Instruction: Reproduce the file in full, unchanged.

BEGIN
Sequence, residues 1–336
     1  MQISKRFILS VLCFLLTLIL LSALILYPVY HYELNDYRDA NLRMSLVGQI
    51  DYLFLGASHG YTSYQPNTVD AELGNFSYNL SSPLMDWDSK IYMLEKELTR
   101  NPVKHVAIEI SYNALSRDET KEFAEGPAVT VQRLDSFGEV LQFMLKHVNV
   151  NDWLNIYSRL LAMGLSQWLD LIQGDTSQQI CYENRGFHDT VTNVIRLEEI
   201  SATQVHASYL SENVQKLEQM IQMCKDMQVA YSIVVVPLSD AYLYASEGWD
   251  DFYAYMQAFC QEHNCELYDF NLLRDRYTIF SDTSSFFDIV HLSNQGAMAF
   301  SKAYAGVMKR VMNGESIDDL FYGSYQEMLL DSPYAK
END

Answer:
Sequence, residues 1–336
     1  MQISKRFILS VLCFLLTLIL LSALILYPVY HYELNDYRDA NLRMSLVGQI
    51  DYLFLGASHG YTSYQPNTVD AELGNFSYNL SSPLMDWDSK IYMLEKELTR
   101  NPVKHVAIEI SYNALSRDET KEFAEGPAVT VQRLDSFGEV LQFMLKHVNV
   151  NDWLNIYSRL LAMGLSQWLD LIQGDTSQQI CYENRGFHDT VTNVIRLEEI
   201  SATQVHASYL SENVQKLEQM IQMCKDMQVA YSIVVVPLSD AYLYASEGWD
   251  DFYAYMQAFC QEHNCELYDF NLLRDRYTIF SDTSSFFDIV HLSNQGAMAF
   301  SKAYAGVMKR VMNGESIDDL FYGSYQEMLL DSPYAK